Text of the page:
As a past NHS leader, I had aspirations to adopt engaged leadership styles and promote innovation. A new generation looks to do the same, and our focus must be on promoting those aspirations, not underminding them, says Robert Creighton
I read the HSJ Rising Stars “Generation Why” supplement last month with the interest of someone looking, as it were, through the opposite end of the telescope: someone who retired from the NHS last summer after two chief executive jobs and several other roles in the service and the Department of Health.
‘I found it hard to escape a sense of déjà vu about the determination that NHS leadership would be different from now on’
I was struck by the energy, passion and innovation that was displayed, and the determination that leadership in the NHS would be different from now on, as was glowingly summarised at the end of the supplement.
At this point, I found it hard to escape a sense of déjà vu.
- See the list: HSJ Rising Stars
- Generation Why – HSJ Rising Stars Supplement
- More analysis and opinion at HSJ’s Comment section
The qualities of the Rising Stars and the characteristics of the system in which they would shine chimed remarkably with what I, and many of my immediate colleagues, also aspired to.
We had strong values, sought to adopt engaged leadership styles, aimed to promote innovation and to collaborate non-hierarchically in the interests of patients.
One of the most prominent, and briefly promising, manifestations of these aspirations was the Look Out Not Up programme put together by and for primary care trust leaders in response to the DH’s world class commissioning programme.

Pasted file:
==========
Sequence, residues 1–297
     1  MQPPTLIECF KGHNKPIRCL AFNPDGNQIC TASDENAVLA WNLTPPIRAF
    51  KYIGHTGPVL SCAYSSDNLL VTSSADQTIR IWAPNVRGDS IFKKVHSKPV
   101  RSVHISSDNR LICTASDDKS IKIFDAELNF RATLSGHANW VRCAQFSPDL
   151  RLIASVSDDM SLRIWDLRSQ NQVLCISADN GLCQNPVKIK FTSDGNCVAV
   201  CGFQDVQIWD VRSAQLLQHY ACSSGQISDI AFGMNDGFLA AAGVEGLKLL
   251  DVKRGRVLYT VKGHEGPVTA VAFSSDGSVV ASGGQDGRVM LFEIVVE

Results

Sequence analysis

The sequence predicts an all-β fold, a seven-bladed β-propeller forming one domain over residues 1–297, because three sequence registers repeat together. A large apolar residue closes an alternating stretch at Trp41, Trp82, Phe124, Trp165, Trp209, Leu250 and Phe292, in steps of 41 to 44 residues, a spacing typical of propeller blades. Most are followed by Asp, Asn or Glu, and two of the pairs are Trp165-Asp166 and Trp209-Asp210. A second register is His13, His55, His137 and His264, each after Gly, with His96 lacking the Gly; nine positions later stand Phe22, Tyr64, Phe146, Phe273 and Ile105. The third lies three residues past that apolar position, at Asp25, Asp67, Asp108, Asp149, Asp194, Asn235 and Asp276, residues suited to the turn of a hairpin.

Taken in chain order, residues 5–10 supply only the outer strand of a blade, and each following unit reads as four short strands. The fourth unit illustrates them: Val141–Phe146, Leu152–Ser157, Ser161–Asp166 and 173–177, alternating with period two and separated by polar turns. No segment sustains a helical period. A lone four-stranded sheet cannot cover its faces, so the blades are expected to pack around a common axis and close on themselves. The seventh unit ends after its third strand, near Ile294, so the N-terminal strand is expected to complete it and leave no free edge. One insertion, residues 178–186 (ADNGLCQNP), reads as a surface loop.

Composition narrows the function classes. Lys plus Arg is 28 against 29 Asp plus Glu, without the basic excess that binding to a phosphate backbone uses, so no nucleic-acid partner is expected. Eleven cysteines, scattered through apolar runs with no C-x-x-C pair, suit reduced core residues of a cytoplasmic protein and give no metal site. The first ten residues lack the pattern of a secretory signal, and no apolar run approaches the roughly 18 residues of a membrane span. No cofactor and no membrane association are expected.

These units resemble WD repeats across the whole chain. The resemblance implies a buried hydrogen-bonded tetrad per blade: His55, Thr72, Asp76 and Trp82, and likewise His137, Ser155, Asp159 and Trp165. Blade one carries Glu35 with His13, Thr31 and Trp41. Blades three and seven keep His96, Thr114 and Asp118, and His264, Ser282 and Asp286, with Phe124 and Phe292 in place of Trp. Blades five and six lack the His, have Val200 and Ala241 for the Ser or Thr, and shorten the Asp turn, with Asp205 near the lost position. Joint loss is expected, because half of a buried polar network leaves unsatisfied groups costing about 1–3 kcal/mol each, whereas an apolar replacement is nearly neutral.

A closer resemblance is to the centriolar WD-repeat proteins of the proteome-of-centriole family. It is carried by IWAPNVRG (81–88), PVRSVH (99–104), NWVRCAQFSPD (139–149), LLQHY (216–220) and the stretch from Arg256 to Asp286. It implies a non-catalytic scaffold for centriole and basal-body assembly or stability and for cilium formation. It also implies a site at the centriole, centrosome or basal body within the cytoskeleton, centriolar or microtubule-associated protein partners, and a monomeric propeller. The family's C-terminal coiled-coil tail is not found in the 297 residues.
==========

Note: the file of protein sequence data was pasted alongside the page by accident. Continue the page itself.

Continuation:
‘We experienced frustration at the time, and looking back we are inclined to reflect sadly on wasted effort and lost opportunities’
Did our generation manage to live up to these aspirations? The answer is clearly “not a lot”.
We experienced frustration at the time, and looking back now we are inclined to reflect sadly on wasted effort and lost opportunities.
I’m confident that all was not in vain – we released new energy locally and there were lots of small scale innovations – but manifestly the NHS system as a whole rumbled on in much the same dirigiste manner as ever, arguably intensifying in spite of the rhetoric of the coalition’s reforms.
So what does this indicate? Sometimes in my darker moments it feels like personal failure. Individually we were not clever or astute enough, and collectively we were not strong minded enough.
Certainly I can think of several occasions when I made strategic or tactical choices that were inconsistent with my core aspirations. But I do not think it is simply defensive or self-serving to look for more systemic reasons.
Earned autonomy runs deep
The emphasis on earned autonomy, rather than inherent autonomy, runs deep in the NHS.
Organisations demonstrate their readiness for some form of independence by leaping sets of hurdles erected by the national system; for providers, think of the regimes for becoming NHS trusts in the 1990s and now foundation trusts, and for commissioners the world class commissioning regime for PCTs, followed by the authorisation regime for clinical commissioning groups.